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- Take notes in a spiral notebook, using a separate notebook for each course or in a binder where pages can be inserted and rearranged. Write your name, address, and phone number in each notebook. Write your lecture notes leaving a wide margin on the left for writing probable test questions, key words, or additional notes.
- Label, number, and date all notes. Develop the habit of labeling and dating to integrate reading and lecture notes.
- Use blank space. Notes tightly crammed into every corner of the page are hard to read and difficult to use for review. Give your eyes a break by leaving plenty of space.
- Write down the major ideas and statements in the lecture. Don't try to write down every word; instead, use key phrases and ideas. Underline ideas that your instructor emphasizes.
- Use a "lost" signal. No matter how attentive and alert you are, you might get lost and confused in a lecture. If it is inappropriate to ask a question, record in your notes that you were lost.
- Use standard abbreviations. Be consistent with your abbreviations. If you devise your own abbreviations or symbols, write a key explaining them in your notes.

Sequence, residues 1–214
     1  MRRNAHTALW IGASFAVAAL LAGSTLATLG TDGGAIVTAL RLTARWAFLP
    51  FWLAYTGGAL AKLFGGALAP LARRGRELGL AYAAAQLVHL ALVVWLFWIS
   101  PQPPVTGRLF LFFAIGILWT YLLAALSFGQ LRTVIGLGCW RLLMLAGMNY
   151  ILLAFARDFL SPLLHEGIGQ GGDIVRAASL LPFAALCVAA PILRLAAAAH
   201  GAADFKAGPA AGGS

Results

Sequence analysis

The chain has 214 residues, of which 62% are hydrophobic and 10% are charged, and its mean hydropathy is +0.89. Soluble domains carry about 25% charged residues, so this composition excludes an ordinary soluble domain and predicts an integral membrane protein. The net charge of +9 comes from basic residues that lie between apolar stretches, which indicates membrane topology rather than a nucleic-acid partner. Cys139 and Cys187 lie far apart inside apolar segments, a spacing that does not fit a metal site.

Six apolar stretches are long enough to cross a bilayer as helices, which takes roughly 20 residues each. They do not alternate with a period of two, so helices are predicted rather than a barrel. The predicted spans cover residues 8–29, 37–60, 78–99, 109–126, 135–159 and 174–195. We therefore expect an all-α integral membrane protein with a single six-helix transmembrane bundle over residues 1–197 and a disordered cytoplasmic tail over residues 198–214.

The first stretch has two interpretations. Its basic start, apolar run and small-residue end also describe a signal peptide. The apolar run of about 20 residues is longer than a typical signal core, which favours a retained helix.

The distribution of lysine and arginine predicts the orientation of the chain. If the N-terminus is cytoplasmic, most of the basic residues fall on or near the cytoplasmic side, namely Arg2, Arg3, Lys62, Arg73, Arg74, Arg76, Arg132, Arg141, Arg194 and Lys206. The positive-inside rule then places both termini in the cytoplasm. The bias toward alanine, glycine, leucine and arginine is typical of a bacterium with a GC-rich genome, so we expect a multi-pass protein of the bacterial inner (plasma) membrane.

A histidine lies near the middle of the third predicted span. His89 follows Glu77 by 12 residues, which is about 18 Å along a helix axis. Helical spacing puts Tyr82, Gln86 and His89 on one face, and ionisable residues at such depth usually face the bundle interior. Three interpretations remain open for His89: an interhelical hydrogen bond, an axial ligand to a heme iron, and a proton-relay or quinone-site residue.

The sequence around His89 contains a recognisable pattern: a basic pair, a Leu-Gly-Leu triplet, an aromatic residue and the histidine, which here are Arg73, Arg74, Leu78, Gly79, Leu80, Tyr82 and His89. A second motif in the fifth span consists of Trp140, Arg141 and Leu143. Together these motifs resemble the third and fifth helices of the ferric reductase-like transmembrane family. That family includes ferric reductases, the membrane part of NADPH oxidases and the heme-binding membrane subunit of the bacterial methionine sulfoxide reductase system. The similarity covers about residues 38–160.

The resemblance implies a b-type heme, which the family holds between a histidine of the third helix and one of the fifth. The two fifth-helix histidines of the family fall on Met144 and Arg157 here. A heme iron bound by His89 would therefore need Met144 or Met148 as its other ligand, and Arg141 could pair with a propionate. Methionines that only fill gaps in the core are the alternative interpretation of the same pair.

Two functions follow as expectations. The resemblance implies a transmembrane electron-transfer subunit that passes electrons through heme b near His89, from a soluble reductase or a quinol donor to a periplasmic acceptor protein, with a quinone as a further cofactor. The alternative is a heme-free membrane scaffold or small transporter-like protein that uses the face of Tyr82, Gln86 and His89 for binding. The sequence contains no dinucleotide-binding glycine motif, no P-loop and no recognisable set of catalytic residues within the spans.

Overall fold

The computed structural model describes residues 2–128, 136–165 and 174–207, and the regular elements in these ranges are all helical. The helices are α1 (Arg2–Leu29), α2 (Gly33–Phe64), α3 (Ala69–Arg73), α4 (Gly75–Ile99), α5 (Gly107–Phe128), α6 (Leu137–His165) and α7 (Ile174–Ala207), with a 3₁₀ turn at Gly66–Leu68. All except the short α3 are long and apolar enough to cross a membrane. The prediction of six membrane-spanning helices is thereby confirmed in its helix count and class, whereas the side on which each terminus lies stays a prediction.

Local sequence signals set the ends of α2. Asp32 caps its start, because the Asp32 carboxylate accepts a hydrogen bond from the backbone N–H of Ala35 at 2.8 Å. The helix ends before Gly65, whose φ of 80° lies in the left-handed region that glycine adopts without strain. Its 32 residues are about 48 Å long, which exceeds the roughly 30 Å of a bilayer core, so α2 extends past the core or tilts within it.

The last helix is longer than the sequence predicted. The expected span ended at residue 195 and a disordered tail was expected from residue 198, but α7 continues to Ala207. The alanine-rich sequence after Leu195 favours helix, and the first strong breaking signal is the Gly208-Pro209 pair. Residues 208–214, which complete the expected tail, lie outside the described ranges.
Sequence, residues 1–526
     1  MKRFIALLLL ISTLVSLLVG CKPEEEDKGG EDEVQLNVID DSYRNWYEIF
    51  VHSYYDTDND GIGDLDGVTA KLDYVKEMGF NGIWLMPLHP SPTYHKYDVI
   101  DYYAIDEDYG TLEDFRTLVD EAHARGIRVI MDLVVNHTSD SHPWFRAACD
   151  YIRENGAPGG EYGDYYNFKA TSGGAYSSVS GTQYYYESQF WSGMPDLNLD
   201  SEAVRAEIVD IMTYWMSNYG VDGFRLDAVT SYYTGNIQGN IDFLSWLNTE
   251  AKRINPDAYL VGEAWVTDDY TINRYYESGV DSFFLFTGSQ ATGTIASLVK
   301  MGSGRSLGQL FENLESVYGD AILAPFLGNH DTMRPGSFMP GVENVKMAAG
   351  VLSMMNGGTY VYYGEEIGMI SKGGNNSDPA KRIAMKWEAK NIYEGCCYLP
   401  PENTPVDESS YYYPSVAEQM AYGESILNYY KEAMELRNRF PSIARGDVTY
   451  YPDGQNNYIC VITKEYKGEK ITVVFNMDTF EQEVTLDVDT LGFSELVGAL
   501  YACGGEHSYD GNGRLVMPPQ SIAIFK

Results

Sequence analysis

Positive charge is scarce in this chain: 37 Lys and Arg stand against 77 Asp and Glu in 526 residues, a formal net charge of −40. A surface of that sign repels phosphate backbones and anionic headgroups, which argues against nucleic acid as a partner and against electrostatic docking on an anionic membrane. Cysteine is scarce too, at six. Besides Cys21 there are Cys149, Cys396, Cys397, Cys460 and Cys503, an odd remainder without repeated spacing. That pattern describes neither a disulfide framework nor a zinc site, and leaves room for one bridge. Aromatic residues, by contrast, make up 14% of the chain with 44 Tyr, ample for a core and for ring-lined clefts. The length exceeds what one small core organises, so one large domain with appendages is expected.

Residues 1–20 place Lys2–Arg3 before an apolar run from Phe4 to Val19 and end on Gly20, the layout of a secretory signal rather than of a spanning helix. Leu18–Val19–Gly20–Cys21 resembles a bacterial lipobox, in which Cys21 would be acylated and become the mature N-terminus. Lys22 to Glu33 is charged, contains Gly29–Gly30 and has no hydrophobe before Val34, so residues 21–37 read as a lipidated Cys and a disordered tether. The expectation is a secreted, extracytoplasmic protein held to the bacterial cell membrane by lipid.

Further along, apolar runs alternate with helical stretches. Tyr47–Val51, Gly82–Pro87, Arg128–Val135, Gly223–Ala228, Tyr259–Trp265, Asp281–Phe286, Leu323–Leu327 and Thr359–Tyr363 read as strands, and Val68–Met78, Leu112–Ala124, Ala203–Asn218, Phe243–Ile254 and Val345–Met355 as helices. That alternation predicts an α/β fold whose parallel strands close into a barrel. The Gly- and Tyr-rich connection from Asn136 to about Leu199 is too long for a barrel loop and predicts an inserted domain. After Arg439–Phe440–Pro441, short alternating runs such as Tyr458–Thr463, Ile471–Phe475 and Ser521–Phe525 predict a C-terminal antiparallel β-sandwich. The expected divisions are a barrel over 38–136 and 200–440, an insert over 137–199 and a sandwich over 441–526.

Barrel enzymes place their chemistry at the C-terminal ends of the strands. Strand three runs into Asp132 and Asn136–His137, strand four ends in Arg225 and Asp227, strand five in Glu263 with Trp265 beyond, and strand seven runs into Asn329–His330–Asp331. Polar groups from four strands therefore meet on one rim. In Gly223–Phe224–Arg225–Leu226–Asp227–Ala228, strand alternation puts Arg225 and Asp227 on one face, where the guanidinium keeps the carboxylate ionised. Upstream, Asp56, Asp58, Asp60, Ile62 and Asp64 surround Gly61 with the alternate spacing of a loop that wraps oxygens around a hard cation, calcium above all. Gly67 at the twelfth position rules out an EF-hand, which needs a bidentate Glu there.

- After the lecture, review notes as soon as possible and fill in missing ideas, key words, and phrases. Underline headings that are of major significance. You may also wish to compare your notes with a friend's to see what you may have missed. The sooner and more frequently you review notes after lecture, the more you retain.
- After each lecture, take several minutes to turn your notes into questions, focusing on the main theme and sub topics. Each lecture will usually supply three to seven good exam questions. The questions should be written in the left hand margin.
- At least once a week, review the questions written in your notebook. Pretend you are taking a test, give yourself an oral quiz, or even better, practice by taking a written quiz. Compare your answers with those given in your notes or textbook.